Analysis

The Veteran contends without further elaboration that a higher rating is warranted for the severity of his PTSD.

After careful review, the evidence shows that for the entire period of appeal, the Veteran's PTSD most closely approximates the criteria for a 30 percent rating under Diagnostic Code 9411.  The evidence does not more closely approximate the schedular criteria for the assignment of disability rating in excess of 30 percent for that period of appeal.  

In a January 2004 VA PTSD examination, the Veteran reported having painful, intrusive memories of his trauma, and suffered distress when exposed to stimuli that reminded him of his combat experiences.  He tried to push away painful thoughts, feelings, and memories as much as possible, and had a loss of interest in previously pleasurable activities.  The Veteran also reported having a depressed mood, decreased energy, continuous anxiety, disturbed sleep patterns, difficulty concentrating, hypervigilance, and startled easily.  He was not taking any medication or receiving any psychiatric care.  The Veteran indicated that he worked full-time as a systems program administrator for Walmart, where he had worked for the last six years.  He had been married for 20 years, and although he had become increasingly socially isolated, he had recently begun volunteering for the Civil Air Patrol.  The examiner noted that the Veteran was initially composed but became tearful during the course of the examination.  His affect was constricted, his thoughts were clear and goal-oriented, and there was no evidence of delusions or hallucinations.  He did not have suicidal ideation, though he stated that sometimes he just thought of what it would be like if he was not here anymore.  The examiner diagnosed PTSD, and opined that the PTSD was causing depressive symptoms.  His GAF score was 68.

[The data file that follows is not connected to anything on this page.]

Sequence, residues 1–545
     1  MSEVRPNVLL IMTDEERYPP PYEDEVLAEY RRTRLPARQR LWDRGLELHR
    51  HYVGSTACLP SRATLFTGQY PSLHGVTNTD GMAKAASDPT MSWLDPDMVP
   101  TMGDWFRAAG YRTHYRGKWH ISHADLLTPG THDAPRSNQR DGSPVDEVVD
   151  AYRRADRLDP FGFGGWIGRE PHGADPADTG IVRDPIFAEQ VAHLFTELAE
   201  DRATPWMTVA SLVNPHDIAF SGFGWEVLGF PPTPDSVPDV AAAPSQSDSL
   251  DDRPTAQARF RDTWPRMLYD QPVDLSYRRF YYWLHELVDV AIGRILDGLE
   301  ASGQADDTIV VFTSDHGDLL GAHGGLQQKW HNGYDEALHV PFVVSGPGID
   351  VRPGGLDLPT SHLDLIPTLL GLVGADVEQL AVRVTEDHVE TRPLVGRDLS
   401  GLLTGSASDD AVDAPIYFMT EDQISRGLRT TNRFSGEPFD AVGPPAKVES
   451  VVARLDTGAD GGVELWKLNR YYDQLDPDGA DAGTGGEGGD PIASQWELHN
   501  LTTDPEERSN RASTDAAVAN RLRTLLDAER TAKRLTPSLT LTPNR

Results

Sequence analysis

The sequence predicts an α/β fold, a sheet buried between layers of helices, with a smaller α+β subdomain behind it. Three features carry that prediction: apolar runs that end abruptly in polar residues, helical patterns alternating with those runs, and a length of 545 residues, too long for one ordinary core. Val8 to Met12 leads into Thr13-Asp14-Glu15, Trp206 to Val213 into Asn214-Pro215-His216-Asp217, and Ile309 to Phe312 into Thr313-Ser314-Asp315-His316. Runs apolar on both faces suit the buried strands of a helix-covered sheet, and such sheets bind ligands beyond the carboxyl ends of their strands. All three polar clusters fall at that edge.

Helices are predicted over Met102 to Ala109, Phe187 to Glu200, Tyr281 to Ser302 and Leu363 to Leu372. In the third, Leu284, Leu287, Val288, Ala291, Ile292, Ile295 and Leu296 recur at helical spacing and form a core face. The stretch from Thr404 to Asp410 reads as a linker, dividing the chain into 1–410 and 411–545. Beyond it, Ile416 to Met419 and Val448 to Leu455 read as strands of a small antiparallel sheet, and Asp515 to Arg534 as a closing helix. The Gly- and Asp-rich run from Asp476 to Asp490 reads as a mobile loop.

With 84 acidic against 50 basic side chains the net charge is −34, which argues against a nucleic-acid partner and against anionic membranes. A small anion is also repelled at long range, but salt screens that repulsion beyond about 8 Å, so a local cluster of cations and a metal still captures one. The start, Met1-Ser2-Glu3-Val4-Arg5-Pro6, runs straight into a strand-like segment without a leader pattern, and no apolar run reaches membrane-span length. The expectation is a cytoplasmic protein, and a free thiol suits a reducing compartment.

In a December 2006 VA PTSD examination, the Veteran reported that his family told him that he was different when he returned from service after the Persian Gulf War, and that he felt that he left something behind.  He was haunted by guilt that he left his unit early due to family emergency, and had depression, decreased energy, decreased interest, decreased self-esteem, sleep disturbance, difficulty with concentration and focus, difficulty with anger and irritability, hypervigilance, and easy startle response.  He denied suicidal ideation, had just started on citalopram (an antidepressant), and had not been having any ongoing psychiatric care.  The Veteran was still working fulltime as a systems programmer for Walmart, and reported doing fairly well at work, but having some difficulty with energy, concentration, and focus.  He had been married for 23 years, and was trying to be more socially interactive outside the home with his wife but often felt uncomfortable in social interactions with others.  The examiner assessed a GAF score of 65, and noted that the in addition to the PTSD, the Veteran had symptoms of major depression that was most likely associated with his chronic pain symptoms.  

VA treatment records indicate that in July 2008, the Veteran reported that he was taking Celexa 40 for depression and still felt depressed "every now and then."  His Celexa was increased to 60 mg per day, and he was referred to a mental hygiene clinic for a psychiatric evaluation for depression.  In the evaluation, the Veteran indicated that he liked the service better than any job he had since separation and had tried to get back into it, but could not due to his disability.  He worked with the Civil Air Patrol and trained cadets, but still felt depressed.  The Veteran stated that citalopram had helped mobilize him somewhat, and he just started mirtazapine.  The Veteran stated that he lived with his wife, with whom he had a good relationship, and his children were doing "pretty well."  The treating psychiatrist diagnosed depression NOS and PTSD.